To achieve this, the exemplary embodiment of the invention envisages an extrapolation procedure for a two-dimensional mask M_{θ2 }in a radiographic device of the type containing a mobile X-ray source taking up at least two positions S_{θ1 }and S_{θ2 }in space, associated with their respective two-dimensional masks M_{θ1 }and M_{θ2}, a means of recording that is in an essentially planar arrangement opposite the source and which contains a limit (d, d′) and a volume of interest consisting of an object that is suitable for radiography, located between the source and the means of recording, the procedure consisting of the following steps:
a) at least partial estimation of a series of two-dimensional masks M_{γ} associated with a series of positions S_{γ} for the source, located between the source's positions S_{θ1 }and S_{θ2}, starting from the two-dimensional masks M_{θ1 }and M_{θ2 }
b) at least partial evaluation of an intermediate three-dimensional mask for the object, starting from the series of two-dimensional masks M_{γ} and the two-dimensional masks M_{θ1 }and M_{θ2 }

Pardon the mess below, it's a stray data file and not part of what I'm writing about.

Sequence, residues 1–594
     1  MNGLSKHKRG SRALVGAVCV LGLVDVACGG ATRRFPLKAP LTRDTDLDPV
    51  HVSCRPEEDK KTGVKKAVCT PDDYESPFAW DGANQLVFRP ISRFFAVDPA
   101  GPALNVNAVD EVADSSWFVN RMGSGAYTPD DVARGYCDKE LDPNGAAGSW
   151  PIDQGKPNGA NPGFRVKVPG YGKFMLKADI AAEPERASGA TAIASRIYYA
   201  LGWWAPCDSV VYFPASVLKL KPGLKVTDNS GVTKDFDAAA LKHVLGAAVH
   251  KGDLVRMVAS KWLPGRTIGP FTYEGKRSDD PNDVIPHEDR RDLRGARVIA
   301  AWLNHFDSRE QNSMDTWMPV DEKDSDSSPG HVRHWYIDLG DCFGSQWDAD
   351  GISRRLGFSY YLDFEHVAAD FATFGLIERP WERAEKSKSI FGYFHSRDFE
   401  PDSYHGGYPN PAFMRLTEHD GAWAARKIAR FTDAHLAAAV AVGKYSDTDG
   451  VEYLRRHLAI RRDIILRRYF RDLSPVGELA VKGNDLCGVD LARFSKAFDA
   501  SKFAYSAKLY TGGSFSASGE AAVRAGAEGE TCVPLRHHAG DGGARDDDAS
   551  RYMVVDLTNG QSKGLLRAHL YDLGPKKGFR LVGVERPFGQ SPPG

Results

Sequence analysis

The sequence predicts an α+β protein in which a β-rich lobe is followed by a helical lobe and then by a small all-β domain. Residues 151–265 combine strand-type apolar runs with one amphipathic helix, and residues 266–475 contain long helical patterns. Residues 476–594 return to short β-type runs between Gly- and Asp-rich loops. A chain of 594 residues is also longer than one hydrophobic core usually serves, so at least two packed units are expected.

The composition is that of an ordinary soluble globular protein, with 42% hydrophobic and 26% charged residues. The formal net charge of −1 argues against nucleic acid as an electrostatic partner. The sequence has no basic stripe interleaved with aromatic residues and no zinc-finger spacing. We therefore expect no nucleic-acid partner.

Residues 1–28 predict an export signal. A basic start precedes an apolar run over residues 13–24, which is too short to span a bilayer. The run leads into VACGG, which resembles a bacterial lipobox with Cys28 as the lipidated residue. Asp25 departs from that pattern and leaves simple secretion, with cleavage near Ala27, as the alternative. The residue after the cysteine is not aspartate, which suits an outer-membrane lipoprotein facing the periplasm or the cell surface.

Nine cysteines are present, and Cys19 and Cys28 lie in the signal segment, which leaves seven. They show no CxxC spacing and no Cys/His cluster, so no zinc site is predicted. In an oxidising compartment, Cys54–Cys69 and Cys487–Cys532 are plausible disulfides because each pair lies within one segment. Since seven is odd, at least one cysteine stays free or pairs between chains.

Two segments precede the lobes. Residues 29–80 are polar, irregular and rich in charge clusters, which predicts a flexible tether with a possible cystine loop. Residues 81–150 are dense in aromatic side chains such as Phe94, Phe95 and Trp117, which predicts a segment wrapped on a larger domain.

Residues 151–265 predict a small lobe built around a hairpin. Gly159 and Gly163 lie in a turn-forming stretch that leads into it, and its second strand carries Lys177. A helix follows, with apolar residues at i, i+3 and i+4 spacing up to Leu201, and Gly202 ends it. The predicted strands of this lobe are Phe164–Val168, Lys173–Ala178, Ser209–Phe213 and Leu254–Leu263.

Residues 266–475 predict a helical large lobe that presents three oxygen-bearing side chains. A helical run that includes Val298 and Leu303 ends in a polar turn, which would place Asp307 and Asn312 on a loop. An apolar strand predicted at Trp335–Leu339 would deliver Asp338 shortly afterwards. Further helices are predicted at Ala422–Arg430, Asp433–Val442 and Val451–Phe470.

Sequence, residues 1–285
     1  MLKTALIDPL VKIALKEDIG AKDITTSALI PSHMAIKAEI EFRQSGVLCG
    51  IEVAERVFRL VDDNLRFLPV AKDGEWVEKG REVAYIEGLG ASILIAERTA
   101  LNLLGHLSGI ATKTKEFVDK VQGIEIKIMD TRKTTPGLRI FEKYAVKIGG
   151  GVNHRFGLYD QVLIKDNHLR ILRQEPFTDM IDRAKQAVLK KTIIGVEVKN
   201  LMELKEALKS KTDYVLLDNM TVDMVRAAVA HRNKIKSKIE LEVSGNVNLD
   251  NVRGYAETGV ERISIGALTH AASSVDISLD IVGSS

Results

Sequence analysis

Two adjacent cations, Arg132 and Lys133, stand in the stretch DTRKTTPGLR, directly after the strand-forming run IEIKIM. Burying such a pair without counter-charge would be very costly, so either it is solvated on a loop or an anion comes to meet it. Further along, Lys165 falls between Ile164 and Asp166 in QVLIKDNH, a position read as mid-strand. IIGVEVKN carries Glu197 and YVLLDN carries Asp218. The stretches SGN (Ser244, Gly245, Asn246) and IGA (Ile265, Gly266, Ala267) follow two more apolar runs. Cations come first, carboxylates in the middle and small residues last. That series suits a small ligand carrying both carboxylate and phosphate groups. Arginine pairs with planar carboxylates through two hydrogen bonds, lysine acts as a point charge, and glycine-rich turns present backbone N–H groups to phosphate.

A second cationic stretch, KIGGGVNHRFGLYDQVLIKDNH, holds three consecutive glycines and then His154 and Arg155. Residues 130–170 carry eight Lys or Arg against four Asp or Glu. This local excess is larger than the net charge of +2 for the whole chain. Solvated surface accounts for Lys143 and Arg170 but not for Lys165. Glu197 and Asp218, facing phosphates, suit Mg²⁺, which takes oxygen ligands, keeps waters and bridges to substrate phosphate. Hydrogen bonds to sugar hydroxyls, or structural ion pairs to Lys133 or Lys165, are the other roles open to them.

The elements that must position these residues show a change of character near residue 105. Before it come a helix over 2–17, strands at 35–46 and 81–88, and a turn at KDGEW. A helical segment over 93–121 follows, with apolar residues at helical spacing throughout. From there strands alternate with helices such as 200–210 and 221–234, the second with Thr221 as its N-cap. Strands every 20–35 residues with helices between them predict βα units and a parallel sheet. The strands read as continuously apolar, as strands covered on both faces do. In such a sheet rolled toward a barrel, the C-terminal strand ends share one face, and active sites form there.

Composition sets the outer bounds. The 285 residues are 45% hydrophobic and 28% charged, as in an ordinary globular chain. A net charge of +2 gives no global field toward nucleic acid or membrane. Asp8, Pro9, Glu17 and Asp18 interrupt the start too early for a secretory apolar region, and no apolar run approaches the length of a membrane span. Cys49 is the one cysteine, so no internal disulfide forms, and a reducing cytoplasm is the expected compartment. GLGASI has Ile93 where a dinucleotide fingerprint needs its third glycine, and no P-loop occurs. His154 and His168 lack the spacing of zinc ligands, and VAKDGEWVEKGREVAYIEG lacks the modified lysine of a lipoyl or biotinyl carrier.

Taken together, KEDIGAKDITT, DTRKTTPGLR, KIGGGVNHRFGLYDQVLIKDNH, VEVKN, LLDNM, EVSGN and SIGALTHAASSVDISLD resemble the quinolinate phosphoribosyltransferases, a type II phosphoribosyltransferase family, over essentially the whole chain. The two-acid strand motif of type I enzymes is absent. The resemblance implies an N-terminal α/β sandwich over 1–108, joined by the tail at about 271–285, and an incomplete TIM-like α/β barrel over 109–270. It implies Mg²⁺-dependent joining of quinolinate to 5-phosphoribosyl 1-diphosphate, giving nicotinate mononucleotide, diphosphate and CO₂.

c) extrapolation of the two-dimensional mask M_{θ2 }beyond the limits d or d′ of the means of recording, according to a relative position between S_{θ1 }and S_{θ2}, starting from the intermediate three-dimensional mask
A beneficial but optional part of the procedure in accordance with the invention includes at least one of the following features:
before step a), if the two-dimensional mask M_{θ1 }associated with the source position S_{θ1 }is not available, the two-dimensional mask M_{θ1 }is extrapolated from the available two-dimensional masks M_{θ};
the extrapolation of step c) involves projection of the intermediate three-dimensional mask based on position S_{θ2 }onto a plane passing through the means of recording;
for each of the two-dimensional masks M_{γ}, the (at least partial) estimation from step a) involves a step that determines a point T_{γ} situated at an edge of the object, projected onto the limit d or d′ of the means of recording, with the source at position S_{γ}—the points T_{γ} are estimated by linear interpolation between the points T_{θ1 }and T_{θ2 }located at an edge of the object project onto the limit d or d′ of the means of recording (10), with the source (S) at positions S_{θ1 }and S_{θ2 }respectively;
if the two-dimensional mask M_{θ1 }associated with source position S_{θ1 }is not available, point T_{θ1 }is then extrapolated from the points T_{θ} that are available;
the procedure includes a supplementary step of: